If you’re looking for a fantastic day trip from Rome, put a visit to Civita di Bagnoregio at the top of your list. Last month, we got in the car and drove a little less than two hours North to this ancient city I read about on another Italian travel blog. When we arrived, we parked at the end of the road and made the mile walk, wondering if we had come to the right place, until we were finally greeted with this breathtaking view–there’s no other word to describe it other than magical. A closer look at the village shows the walking bridge leading to the village (no cars are allowed due to efforts to preserve the fragile structure–and the fact there are zero roads), as well as a closeup of the tallest point, the church tower, which you can see in the panoramic photo above. Make sure to wear comfortable shoes because this trip requires a lot of walking; I also personally recommend choosing a time to visit that isn’t during peak tourist season (summer), as the small area gets very crowded.
Is anything more inviting than a vine-covered stone entryway?Civita di Bagnoregio is full of kitties, and we cat-lovers just had to take some photos. As deprived as they may look, don’t worry: these guys are given plenty of scraps from the tourists dining at restaurants!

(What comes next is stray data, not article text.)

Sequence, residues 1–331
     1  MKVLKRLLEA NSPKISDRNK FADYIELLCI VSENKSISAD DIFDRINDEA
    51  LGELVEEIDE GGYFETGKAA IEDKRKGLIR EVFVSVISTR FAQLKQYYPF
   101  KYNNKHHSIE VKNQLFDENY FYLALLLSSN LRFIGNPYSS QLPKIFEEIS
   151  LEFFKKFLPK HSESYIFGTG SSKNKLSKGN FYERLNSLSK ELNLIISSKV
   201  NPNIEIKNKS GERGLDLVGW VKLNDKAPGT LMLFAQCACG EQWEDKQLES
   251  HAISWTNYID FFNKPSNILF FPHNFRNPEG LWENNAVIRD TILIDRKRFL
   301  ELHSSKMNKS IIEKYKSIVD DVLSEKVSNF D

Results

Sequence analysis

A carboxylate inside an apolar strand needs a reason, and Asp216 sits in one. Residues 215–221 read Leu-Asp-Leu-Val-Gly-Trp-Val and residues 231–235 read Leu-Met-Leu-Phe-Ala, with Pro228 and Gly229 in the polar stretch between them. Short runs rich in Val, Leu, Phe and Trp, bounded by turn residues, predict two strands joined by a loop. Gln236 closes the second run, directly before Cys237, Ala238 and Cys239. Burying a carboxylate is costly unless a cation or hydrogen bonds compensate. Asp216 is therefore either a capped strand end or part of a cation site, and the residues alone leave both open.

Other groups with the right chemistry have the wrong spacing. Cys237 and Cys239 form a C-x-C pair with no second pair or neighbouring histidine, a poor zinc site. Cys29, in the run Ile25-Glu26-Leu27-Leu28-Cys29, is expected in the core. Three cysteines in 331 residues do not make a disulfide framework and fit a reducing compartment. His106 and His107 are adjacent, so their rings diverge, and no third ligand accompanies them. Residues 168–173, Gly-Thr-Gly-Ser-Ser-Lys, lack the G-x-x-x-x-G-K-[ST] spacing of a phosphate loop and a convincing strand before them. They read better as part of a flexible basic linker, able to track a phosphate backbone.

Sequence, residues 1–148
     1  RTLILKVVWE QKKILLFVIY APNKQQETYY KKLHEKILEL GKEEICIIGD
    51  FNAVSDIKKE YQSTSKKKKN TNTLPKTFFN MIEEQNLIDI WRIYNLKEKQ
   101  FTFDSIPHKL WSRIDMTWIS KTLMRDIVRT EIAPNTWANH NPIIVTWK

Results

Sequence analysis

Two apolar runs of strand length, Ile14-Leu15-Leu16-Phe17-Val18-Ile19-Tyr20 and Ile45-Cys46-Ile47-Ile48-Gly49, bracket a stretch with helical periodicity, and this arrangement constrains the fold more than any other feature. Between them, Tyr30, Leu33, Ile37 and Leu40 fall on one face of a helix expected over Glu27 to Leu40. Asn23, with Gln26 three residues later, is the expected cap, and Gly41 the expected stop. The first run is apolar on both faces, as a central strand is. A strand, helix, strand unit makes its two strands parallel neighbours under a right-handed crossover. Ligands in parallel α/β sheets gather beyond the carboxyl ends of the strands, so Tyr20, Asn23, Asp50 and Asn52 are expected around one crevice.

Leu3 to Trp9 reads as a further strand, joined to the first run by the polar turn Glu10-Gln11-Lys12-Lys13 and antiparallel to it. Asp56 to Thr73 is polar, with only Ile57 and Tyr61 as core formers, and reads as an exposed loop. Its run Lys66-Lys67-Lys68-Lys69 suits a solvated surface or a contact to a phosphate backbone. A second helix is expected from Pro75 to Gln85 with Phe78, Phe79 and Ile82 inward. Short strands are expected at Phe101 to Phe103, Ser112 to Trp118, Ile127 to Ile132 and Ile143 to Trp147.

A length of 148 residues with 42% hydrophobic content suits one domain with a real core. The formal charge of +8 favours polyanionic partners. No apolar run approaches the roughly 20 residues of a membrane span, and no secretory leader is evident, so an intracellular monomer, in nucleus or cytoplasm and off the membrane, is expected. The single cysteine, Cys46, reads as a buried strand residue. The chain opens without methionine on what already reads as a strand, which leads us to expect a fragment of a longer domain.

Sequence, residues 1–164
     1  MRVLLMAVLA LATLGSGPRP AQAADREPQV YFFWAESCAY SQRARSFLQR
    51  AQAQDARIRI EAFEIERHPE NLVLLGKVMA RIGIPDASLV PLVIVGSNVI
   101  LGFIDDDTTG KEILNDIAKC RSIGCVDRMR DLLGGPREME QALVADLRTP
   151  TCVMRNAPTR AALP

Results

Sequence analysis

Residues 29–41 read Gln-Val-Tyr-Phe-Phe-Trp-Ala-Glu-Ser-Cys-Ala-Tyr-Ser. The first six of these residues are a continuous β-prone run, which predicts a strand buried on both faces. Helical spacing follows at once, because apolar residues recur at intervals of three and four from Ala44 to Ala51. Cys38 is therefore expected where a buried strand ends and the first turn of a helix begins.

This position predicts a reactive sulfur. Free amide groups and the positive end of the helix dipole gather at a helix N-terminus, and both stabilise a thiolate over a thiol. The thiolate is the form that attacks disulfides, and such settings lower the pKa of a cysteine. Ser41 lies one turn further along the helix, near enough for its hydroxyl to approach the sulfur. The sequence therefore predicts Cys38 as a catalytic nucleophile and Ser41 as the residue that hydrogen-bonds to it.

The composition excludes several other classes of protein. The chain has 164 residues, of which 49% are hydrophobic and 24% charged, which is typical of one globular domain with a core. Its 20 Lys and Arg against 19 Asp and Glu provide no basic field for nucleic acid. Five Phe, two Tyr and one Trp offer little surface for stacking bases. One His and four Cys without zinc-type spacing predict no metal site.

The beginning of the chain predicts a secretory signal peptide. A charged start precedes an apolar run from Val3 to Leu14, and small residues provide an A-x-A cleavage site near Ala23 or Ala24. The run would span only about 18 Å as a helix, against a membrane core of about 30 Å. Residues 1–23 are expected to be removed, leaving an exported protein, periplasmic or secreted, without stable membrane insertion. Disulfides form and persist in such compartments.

From the narrow side streets lined with flowers to the incredible views of the countryside below, there’s no doubt this ancient city is full of charm. Founded nearly 2,500 years ago, the entire town was abandoned after being hit by a massive earthquake during the Middle Ages, and the number of people still remains very small today, with about 100 living here during the summer and barely more than 10 in the winter–definitely a far cry from Rome (and basically every other city in the world).Despite the fact that Civitia di Bagnoregio is so small, there are more restaurants than anything else in the village (to support tourism, I suppose). We had a delicious lunch at Al Forno di Agnese, with a mixed variety of bruschetta to start, followed by pesto pasta and roasted chicken with vegetables, all of which had incredibly fresh flavors. Bottom line: I highly recommend stopping here for a meal if you find yourself in the town. Oh, and as delicious as the house wine is, I wouldn’t recommend drinking a lot of it if you plan on continuing your tour afterward–our indulgence made walking in the hot afternoon sun a little exhausting!Since the main dishes were so tasty, we couldn’t pass on dessert, so we shared some (heavenly) homemade tiramisù al limone–just looking at this photo of it is making me crave another piece!On the drive home, we got stuck in traffic on the highway, which allowed the perfect opportunity to grab the camera and snap some photos of one of the massive girasole fields along the side of the road–my favorite flowers! You can find them all over the Italian countryside during the months of June and July.